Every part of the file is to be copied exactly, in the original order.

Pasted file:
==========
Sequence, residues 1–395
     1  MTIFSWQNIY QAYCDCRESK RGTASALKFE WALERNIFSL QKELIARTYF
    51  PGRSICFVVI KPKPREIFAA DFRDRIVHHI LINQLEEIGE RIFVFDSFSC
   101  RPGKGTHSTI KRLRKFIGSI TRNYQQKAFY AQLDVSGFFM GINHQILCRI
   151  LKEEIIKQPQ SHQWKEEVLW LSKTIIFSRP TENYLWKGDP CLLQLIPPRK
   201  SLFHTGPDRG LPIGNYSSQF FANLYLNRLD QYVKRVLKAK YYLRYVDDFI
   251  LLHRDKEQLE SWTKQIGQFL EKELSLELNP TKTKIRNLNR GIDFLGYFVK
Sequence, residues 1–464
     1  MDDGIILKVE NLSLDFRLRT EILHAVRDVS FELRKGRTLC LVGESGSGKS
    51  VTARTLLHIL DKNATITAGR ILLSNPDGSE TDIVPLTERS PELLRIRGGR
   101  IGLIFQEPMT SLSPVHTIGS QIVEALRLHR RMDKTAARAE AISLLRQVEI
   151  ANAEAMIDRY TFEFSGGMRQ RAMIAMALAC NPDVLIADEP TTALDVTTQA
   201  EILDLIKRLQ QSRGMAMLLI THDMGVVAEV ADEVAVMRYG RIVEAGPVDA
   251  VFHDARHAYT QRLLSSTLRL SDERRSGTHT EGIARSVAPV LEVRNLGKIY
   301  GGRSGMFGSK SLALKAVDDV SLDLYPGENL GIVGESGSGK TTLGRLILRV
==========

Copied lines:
Sequence, residues 1–395
     1  MTIFSWQNIY QAYCDCRESK RGTASALKFE WALERNIFSL QKELIARTYF
    51  PGRSICFVVI KPKPREIFAA DFRDRIVHHI LINQLEEIGE RIFVFDSFSC
   101  RPGKGTHSTI KRLRKFIGSI TRNYQQKAFY AQLDVSGFFM GINHQILCRI
   151  LKEEIIKQPQ SHQWKEEVLW LSKTIIFSRP TENYLWKGDP CLLQLIPPRK
   201  SLFHTGPDRG LPIGNYSSQF FANLYLNRLD QYVKRVLKAK YYLRYVDDFI
   251  LLHRDKEQLE SWTKQIGQFL EKELSLELNP TKTKIRNLNR GIDFLGYFVK
Sequence, residues 1–464
     1  MDDGIILKVE NLSLDFRLRT EILHAVRDVS FELRKGRTLC LVGESGSGKS
    51  VTARTLLHIL DKNATITAGR ILLSNPDGSE TDIVPLTERS PELLRIRGGR
   101  IGLIFQEPMT SLSPVHTIGS QIVEALRLHR RMDKTAARAE AISLLRQVEI
   151  ANAEAMIDRY TFEFSGGMRQ RAMIAMALAC NPDVLIADEP TTALDVTTQA
   201  EILDLIKRLQ QSRGMAMLLI THDMGVVAEV ADEVAVMRYG RIVEAGPVDA
   251  VFHDARHAYT QRLLSSTLRL SDERRSGTHT EGIARSVAPV LEVRNLGKIY
   301  GGRSGMFGSK SLALKAVDDV SLDLYPGENL GIVGESGSGK TTLGRLILRV